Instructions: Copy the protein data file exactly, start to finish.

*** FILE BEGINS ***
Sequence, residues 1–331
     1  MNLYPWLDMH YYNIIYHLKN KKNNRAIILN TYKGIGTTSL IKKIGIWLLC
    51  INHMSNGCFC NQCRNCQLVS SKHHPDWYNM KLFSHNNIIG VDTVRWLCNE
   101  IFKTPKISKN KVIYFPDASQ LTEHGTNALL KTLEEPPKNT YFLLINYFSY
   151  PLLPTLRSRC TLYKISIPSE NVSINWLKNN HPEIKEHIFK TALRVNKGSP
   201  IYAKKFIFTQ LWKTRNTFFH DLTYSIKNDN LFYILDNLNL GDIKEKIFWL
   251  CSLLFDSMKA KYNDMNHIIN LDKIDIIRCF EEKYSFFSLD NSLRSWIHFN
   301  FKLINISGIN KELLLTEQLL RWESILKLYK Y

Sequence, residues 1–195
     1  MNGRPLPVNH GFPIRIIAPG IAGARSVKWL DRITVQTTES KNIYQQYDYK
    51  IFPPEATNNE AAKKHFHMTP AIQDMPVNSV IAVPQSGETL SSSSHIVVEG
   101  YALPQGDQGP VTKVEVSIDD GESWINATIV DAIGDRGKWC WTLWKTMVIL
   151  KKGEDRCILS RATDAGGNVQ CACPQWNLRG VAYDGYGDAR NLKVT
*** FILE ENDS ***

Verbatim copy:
Sequence, residues 1–331
     1  MNLYPWLDMH YYNIIYHLKN KKNNRAIILN TYKGIGTTSL IKKIGIWLLC
    51  INHMSNGCFC NQCRNCQLVS SKHHPDWYNM KLFSHNNIIG VDTVRWLCNE
   101  IFKTPKISKN KVIYFPDASQ LTEHGTNALL KTLEEPPKNT YFLLINYFSY
   151  PLLPTLRSRC TLYKISIPSE NVSINWLKNN HPEIKEHIFK TALRVNKGSP
   201  IYAKKFIFTQ LWKTRNTFFH DLTYSIKNDN LFYILDNLNL GDIKEKIFWL
   251  CSLLFDSMKA KYNDMNHIIN LDKIDIIRCF EEKYSFFSLD NSLRSWIHFN
   301  FKLINISGIN KELLLTEQLL RWESILKLYK Y

Sequence, residues 1–195
     1  MNGRPLPVNH GFPIRIIAPG IAGARSVKWL DRITVQTTES KNIYQQYDYK
    51  IFPPEATNNE AAKKHFHMTP AIQDMPVNSV IAVPQSGETL SSSSHIVVEG
   101  YALPQGDQGP VTKVEVSIDD GESWINATIV DAIGDRGKWC WTLWKTMVIL
   151  KKGEDRCILS RATDAGGNVQ CACPQWNLRG VAYDGYGDAR NLKVT